CTU Objectives

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Transition Contraceptive Technology Update (CTU) for LAM Counselors FIELD-TEST VERSION, August 2009. CTU Objectives. By the end of this session, participants will be able to discuss: The importance of postpartum family planning and transitioning from LAM - PowerPoint PPT Presentation

Text of CTU Objectives

  • *CTU ObjectivesBy the end of this session, participants will be able to discuss:The importance of postpartum family planning and transitioning from LAMThe benefits, limitations and counseling considerations for using:Progestin-only pillsProgestin-only injectablesCombined oral contraceptives (COCs)Emergency contraception (EC)

  • *CTU Objectives (cont.)The benefits, limitations, and counseling considerations for using Intrauterine contraceptive devices (IUDs)Condoms Female sterilization VasectomyFamily planning considerations for the HIV-positive womanEffective counseling for the woman who is transitioning from LAM to another modern method of contraception

  • *Review of LAM Workshop/UpdateWhat is transition in relationship to LAM?Why is transition important?How soon after birth might fertility return?What is the appropriate timing for safe transition to other modern methods of family planning?

  • *Transition in Relationship to LAMMove from the use of LAM to the use of another modern method of contraceptionCan occur at any time: When any one of the three criteria is no longer metWhen the woman/couple chooses to use another method

  • *Importance of TransitionNeed Contraception for at Least Two yearsThe maximum length of time that LAM may offer protection from pregnancy is six months.For best maternal and newborn health outcomes, a couple needs to wait at least two years after a birth before attempting to become pregnant again.

  • *Importance of Transition:Maternal MortalityFP Saves LivesPromotion of family planning in countries with high birth rates has the potential to . . . avert 32% of maternal mortality. 90% of abortion-related mortality and morbidity20% of obstetric-related mortality and morbidity

    Source: Cleland et al. 2006.

  • *Importance of Transition:Child MortalityFP Saves LivesConservatively, 1 million of the 11 million deaths in children
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    Sources: Conde-Agudelo 2005 and DaVanzo et al. 2007Birth-to-Pregnancy Intervals and Relative Risk of Adverse Maternal, Perinatal and Pregnancy Outcomes

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    Source: Rutstein 2005Birth-to-Pregnancy Intervals and Relative Risk of Neonatal and Infant Mortality

  • *Recommendations of 30 Technical Experts to WHO after Reviewing the USAID StudiesRecommendation for spacing after a live birth:The recommended interval before attempting the next pregnancy is at least 24 months in order to reduce the risk of adverse maternal, perinatal and infant outcomes.Recommendation for spacing after miscarriage or induced abortion:The recommended minimum interval to next pregnancy should be at least six months in order to reduce risks of adverse maternal and perinatal outcomes.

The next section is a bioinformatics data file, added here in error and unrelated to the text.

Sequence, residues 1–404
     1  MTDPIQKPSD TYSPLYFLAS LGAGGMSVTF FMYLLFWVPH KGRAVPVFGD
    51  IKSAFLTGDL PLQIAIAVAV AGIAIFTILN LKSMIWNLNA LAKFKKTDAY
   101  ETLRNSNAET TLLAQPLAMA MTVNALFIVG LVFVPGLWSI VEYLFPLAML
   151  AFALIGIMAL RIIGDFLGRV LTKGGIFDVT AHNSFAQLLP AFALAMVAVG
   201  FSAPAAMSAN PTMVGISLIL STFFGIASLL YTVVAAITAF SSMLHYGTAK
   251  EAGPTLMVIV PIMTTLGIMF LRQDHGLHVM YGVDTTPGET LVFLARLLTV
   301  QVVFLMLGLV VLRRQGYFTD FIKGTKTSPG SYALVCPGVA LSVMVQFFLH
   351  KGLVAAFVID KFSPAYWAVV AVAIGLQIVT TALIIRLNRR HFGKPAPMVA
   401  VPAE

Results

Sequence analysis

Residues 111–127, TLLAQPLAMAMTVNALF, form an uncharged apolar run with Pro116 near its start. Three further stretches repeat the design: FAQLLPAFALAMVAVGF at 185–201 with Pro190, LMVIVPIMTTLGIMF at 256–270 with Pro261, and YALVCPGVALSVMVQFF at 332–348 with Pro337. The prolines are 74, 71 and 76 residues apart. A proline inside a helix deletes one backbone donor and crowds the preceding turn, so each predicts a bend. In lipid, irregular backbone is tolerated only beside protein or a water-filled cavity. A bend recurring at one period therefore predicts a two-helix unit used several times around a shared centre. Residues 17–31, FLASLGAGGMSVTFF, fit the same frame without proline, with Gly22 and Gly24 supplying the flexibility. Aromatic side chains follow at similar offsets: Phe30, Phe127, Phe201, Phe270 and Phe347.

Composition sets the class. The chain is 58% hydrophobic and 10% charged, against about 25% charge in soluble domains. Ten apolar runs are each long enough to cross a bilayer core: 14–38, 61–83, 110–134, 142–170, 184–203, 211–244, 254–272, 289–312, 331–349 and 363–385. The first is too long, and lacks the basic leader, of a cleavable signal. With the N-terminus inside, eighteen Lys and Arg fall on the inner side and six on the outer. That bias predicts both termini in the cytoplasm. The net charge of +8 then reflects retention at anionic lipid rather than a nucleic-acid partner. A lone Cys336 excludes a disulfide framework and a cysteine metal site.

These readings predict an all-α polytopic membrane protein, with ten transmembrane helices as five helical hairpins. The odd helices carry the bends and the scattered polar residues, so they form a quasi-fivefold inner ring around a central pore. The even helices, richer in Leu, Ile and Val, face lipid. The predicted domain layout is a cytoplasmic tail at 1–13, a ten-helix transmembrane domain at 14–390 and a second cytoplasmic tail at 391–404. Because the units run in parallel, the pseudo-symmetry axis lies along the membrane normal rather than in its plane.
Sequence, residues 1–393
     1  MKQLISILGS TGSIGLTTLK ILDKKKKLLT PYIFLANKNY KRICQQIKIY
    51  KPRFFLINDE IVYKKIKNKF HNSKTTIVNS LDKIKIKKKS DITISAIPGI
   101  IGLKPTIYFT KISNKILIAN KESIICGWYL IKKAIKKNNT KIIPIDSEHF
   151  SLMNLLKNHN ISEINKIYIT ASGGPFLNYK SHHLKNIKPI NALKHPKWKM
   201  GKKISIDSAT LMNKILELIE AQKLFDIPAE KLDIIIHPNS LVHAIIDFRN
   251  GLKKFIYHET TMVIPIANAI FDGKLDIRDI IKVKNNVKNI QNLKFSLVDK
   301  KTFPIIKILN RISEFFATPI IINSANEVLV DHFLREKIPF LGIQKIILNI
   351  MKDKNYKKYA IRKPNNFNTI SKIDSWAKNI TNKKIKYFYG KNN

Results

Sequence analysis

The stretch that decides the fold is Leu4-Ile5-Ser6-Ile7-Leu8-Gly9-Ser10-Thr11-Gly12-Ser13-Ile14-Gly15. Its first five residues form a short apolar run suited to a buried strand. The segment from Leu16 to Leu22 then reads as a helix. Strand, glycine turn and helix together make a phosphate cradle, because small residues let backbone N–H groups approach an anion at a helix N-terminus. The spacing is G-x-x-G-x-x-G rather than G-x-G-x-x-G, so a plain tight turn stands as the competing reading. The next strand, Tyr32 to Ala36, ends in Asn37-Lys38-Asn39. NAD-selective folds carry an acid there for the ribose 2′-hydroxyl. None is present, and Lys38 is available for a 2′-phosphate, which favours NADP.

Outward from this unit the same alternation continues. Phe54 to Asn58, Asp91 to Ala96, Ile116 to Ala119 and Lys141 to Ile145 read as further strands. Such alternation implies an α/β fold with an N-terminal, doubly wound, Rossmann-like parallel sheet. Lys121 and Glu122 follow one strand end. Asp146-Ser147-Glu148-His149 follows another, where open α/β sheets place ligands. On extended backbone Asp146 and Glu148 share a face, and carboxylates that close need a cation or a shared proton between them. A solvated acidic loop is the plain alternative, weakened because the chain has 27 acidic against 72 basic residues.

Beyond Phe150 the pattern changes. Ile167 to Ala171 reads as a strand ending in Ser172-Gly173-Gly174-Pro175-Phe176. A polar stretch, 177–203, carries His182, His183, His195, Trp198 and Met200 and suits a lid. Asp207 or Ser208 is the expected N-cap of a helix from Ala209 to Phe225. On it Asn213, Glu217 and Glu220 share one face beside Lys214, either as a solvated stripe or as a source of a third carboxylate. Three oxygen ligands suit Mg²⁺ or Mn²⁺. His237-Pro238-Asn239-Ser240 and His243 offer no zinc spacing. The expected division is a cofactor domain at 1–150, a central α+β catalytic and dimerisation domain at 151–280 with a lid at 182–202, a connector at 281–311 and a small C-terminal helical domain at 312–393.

Source: WHO 2006.

  • *Risk of Pregnancy May Return Soon after BirthBetween 5% and 10% of women conceive within the first year postpartum.For the non-breastfeeding mother:The mean average for first ovulation is 45 days after deliveryReturn to fertility occurs prior to the return of menses in two out of three women.Once menses return, a woman is at as high risk for pregnancy as before conception.

  • *Counseling: Pregnancy RiskWhen a woman can become pregnant after delivery depends on:Breastfeeding practicesReturn of mensesReturn to sexual activity

  • *Counseling: Return to Fertility for Breastfeeding WomenPeriod of infertility longer with only/exclusive breastfeeding: Likelihood of menses and ovulation is low during first six monthsAfter six months, even if her period has not returned, she is at risk of pregnancyWomen can ovulate before menses if she is on longer only breastfeeding or the baby is more than six months old

  • *Counseling: Return of FertilityEvery pregnancy is different. A woman cannot predict fertility from previous pregnancies.No woman has a specific set point for return of fertility:Return of fertility is unpredictable. If she doesnt want to get pregnant, she needs contraception.

  • *Counseling: Return of Fertility (cont.)Counsel women using LAM about return of fertility and risk of pregnancyCounsel women about return of fertility and risk of pregnancy during antenatal, postpartum, newborn and child care visitsor at any contactInform colleaguesmany healthcare workers are unaware of risk of pregnancy during the postpartum

  • *Counseling: Women Who Want to Limit PregnanciesSome couples do not want to become pregnant now or in the future.For them, there are long-term contraceptive options (male or female sterilization, IUDs)While they are deciding or in process of reaching long-term contraception services, she should use a short-term method to prevent pregnancy until she can get the long-term method.